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Morphology, genetics, and ecology of pocket gophers (genus Geomys) in a narrow hybrid zone
- HEANEY, LAWRENCE R., TIMM, ROBERT M.
- Biological journal of the Linnean Society 1985 v.25 no.4 pp. 301-317
- Geomys bursarius, Trichodectidae, allozymes, backcrossing, biogeography, data collection, fossils, genetics, gophers, hybrids, lice, sand, secondary contact, silt loam soils, vegetation, Nebraska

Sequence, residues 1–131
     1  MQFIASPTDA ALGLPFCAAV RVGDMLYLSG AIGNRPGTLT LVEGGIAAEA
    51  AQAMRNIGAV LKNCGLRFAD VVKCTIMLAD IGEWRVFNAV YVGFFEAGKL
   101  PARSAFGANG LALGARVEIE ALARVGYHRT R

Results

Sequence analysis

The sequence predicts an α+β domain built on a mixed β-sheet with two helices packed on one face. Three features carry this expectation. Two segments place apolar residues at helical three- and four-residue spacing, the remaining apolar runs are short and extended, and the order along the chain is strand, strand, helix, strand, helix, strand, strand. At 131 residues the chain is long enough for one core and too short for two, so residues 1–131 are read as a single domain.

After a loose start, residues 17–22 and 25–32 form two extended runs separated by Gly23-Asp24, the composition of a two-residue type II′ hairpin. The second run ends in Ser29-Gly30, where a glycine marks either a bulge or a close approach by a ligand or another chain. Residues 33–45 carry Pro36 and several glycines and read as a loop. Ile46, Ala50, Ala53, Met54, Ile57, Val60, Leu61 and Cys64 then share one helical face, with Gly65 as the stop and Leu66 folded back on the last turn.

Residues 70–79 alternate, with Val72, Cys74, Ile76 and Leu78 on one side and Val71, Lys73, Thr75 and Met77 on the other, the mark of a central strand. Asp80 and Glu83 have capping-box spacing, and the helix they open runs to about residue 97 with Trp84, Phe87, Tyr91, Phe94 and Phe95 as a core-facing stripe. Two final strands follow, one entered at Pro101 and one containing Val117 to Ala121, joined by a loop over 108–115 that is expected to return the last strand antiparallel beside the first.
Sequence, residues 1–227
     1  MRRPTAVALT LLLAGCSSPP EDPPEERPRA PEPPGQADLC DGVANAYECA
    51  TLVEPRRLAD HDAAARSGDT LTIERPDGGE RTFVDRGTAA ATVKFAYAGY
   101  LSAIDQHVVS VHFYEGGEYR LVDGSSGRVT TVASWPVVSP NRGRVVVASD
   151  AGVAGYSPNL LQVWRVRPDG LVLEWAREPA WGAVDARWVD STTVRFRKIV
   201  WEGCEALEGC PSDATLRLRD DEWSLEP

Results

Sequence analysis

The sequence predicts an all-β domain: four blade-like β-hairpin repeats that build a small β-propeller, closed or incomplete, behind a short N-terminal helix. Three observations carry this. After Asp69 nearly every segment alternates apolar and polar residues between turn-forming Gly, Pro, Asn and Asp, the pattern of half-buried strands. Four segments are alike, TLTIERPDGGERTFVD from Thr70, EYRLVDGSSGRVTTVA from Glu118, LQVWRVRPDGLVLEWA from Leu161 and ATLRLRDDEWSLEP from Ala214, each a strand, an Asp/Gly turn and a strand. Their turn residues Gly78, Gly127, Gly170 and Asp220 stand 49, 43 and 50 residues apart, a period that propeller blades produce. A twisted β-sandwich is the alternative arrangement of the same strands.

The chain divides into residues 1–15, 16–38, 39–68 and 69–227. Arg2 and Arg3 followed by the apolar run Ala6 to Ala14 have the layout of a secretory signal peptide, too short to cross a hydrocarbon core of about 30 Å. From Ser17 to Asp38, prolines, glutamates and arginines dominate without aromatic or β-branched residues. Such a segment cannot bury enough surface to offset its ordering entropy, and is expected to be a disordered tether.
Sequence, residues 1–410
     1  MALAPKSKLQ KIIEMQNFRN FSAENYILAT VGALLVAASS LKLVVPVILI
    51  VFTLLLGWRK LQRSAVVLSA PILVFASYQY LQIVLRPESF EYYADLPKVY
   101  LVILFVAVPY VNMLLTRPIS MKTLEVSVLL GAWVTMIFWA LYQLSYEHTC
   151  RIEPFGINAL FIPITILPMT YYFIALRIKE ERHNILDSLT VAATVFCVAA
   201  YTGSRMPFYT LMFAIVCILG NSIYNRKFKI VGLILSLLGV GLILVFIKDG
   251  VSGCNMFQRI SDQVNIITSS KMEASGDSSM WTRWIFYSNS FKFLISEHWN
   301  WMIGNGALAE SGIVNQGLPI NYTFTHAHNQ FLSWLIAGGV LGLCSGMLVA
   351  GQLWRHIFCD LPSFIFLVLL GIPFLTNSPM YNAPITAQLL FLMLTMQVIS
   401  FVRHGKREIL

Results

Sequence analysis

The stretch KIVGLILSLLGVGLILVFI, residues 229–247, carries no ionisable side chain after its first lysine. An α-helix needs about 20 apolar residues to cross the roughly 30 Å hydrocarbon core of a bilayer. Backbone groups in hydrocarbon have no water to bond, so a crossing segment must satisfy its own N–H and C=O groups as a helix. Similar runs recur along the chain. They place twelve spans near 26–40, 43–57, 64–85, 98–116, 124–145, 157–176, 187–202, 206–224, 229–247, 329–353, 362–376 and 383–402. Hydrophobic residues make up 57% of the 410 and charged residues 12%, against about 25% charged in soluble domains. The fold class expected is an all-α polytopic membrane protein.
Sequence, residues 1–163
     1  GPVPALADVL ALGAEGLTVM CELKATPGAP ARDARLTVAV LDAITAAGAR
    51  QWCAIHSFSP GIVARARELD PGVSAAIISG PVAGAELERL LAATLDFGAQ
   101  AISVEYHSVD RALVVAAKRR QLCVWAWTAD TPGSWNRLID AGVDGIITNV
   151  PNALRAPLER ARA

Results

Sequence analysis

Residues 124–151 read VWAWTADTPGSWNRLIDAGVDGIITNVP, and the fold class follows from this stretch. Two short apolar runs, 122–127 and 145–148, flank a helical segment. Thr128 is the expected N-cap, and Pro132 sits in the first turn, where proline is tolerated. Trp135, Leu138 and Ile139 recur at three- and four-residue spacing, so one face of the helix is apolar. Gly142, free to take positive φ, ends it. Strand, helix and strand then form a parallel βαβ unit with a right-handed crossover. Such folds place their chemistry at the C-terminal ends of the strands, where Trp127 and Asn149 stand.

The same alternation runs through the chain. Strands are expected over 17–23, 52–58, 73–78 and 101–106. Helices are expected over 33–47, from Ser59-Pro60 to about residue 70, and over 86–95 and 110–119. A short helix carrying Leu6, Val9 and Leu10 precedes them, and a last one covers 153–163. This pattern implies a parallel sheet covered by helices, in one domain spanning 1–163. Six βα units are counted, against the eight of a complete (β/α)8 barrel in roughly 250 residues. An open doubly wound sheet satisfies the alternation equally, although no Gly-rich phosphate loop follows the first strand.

- A population of hybrid pocket gophers (Geomys bursarius × G. lutescens) exists 1–2 km west of Oakdale, Antelope County, Nebraska, U.S.A. The hybrids occur in soil that has characteristics intermediate between that occupied by G. lutescens (sand) and by G. bursarius (silt loam); the vegetation associations on the different soils are Sandhills Prairie and Tall-grass Prairie, respectively, with mixed prairie on the intermediate soils. Hybrids are identifiable on the basis of both qualitative and quantitative morphological characteristics, allozymes and karyology. Concordance between morphological, allozymic, karyotypic and ecological data sets is very high. Hybrids appear to reproduce normally and survive well; i.e. they suffer no obvious loss of fitness. Backcrossing to either parental type is apparently rare. The parental species each support obligate parasitic lice (Geomydoecus: Trichodectidae) of different species; these species are not sister species. We suggest that hybrid zones resulting from primary and secondary contact may be distinguished by (1) concordance of clines in different character sets, (2) fossil and biogeographic data, and (3) parasite data. We conclude that this zone resulted from secondary contact, and that the zone is maintained either by selection against hybrids (less likely) or by hybrid superiority (more likely).